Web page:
As part of the Wadsworth Series on Contemporary Issues in Crime and Justice, this edited volume attempts to go beyond the coverage of typical classroom texts. The contributors, many of whom are ex-convicts-turned academics, are critical of assumptions used to justify incarceration, their central difficulty being with the way prisons dehumanise. This volume critically examines the prison institution from the perspective of the `other.' Part 1, 'What's Wrong with Corrections,' sets the stage in three chapters. Austin argues that the current criminological research focus, much of which is misinterpreted, on predators, persisters or the truly dangerous, has resulted in the uncritical acceptance of incarceration as the solution. According to Ross, misrepresentations and stereotyping are the consequence of uncritically accepting of the media's take on corrections and reinforce existing crime-control practices, preventing discussions of alternative ways of doing crime control. Fisher-Giorlando reminds us that criminologists' successes, including her own, rests on the lives of men and women prisoners and that we owe it to them to devise and implement relevant policy. Part 2, in six chapters, sets out 'Convict Experience and Identity.' Tromanhauser and Terry discuss the current state of conventional criminological research. Using his own life as an example, Tromanhauser reminds us that there is no simple explanation of crime causation. Terry concurs with Tromanhauser, adding that most criminological research is dominated by factor analysis and multivariate correlations' having little relevance with people's real life situations. Richards and Newbold discuss the state of social support for convicts. While Richards points out that corrections workers, more often than not, fail to interact with convicts in any meaningful or relevant fashion, Newbold argues that recidivism rates are high because many have no outside social support and reincarceration often occurs for breech of parole conditions. Thus, Newbold adds, life inside becomes easier because people learn how to adjust to life in prison. Lanier and Jones deal with adjustment to life inside and outside the prison walls. While Lanier points out that the increasing number of fathers in prison has negative psychological impacts due to their having long-term consequences for their institutional adjustment, Jones argues that adjustment back into society is subject to inmates' interpretations of past events and their current problem-solving skills. How prisoners face these challenges, Jones points out, can tell us a lot about what might be done to help them. The final chapter in Part 2 (by Mobley) argues that a fiscally responsible penology may mean better prisons may look completely different from prisons as we know them now. But Mobley, as an ex-convict, points out that suggestions made by him and his fellow convict criminologists face resistance from both convict and academic communities because the suggestions come from ex-convicts. The final six chapters (Part 3), a somewhat eclectic collection, are about 'Special Populations'-women, the physically and mentally ill, American Indians and juveniles. wen argues that we need to understand women's experiences from their point of view, conceptualising their behaviour as expressions of oppressive social contexts both outside and inside prison walls. On the issue of caring for the physically ill, Murphy suggests that overshadowing health care with security concerns poses danger to the inmate population and ultimately the community-at-large in terms of fiscal and resource burn-out. Arrigo points out that mental health offenders are effectively silenced because they are the subjects of transcarceration between mental hospitals and prisons. Thus alternative (more positive) interpretations/labels of their behaviours are effectively negated. The legal label `Indian' has social implications in terms of access to both constitutional rights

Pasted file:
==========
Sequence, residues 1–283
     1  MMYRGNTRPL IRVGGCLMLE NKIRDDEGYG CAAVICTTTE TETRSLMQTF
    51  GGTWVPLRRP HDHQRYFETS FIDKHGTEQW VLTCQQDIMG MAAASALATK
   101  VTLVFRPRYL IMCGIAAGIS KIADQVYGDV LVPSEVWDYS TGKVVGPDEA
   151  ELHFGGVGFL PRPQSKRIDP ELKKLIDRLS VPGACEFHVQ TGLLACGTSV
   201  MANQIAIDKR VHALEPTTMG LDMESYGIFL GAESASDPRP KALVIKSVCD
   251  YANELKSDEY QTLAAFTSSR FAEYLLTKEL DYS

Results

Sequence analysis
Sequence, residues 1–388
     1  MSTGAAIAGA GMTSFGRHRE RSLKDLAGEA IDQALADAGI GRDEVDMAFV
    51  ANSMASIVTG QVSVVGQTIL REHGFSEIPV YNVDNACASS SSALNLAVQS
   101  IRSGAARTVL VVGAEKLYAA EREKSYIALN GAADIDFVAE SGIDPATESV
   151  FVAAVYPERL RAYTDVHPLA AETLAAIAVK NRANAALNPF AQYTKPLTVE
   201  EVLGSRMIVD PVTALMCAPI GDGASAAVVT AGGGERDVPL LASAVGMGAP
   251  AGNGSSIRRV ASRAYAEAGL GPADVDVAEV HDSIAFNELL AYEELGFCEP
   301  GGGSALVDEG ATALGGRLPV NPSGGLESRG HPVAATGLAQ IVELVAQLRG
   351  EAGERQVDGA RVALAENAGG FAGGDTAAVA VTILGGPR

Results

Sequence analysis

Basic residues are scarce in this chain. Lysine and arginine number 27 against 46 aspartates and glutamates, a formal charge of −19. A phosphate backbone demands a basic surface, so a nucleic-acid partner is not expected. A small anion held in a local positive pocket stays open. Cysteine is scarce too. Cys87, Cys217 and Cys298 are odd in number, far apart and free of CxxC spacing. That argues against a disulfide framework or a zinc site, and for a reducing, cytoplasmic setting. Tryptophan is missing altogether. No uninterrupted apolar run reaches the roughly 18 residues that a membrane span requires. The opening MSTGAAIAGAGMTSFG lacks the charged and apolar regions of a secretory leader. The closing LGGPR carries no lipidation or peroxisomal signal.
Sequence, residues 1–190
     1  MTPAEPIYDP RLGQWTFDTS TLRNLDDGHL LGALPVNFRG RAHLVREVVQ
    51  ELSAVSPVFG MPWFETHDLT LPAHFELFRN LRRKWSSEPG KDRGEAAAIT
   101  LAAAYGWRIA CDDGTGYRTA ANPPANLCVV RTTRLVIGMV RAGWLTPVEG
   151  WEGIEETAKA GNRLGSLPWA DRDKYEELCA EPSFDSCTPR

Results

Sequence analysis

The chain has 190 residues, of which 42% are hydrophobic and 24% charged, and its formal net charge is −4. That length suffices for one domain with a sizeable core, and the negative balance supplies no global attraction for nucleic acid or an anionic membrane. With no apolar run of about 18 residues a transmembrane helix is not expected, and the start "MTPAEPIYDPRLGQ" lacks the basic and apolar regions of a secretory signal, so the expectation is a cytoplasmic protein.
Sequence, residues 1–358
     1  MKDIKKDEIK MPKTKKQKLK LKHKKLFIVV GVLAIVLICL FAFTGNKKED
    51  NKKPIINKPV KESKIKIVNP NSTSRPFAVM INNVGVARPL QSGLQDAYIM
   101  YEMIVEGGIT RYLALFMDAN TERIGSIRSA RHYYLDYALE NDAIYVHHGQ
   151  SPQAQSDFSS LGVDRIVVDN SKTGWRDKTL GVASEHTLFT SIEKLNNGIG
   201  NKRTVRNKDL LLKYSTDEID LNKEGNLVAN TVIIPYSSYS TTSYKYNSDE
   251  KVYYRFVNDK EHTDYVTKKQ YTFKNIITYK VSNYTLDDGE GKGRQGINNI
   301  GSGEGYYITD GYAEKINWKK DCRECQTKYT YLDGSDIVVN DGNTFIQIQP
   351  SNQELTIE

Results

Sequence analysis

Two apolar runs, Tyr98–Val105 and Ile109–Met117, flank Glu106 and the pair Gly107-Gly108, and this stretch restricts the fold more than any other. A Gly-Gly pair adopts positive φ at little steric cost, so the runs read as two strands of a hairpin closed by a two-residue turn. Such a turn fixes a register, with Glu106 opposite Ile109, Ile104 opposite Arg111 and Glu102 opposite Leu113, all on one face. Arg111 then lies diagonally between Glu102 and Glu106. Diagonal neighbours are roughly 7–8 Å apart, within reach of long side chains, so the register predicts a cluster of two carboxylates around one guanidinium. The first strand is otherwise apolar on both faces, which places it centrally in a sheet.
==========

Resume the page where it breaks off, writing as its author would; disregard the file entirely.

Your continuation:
Guest More than 1 year ago
Reviewer from Wisconsin. CONVICT CRIMINOLOGY IS AN EDITED BOOK THAT FEATURES SOME OF THE BEST KNOWN ACADEMIC SCHOLARS IN THE FIELD. I especially enjoyed the chapters written by the ex-convict professors. They are the real experts on crime and corrections. The reading is cutting edge, state-of-the art, a new paradigm in criminology. This book will blow the cob webs off the walls of the ivory tower. This is a new criminology!
Guest More than 1 year ago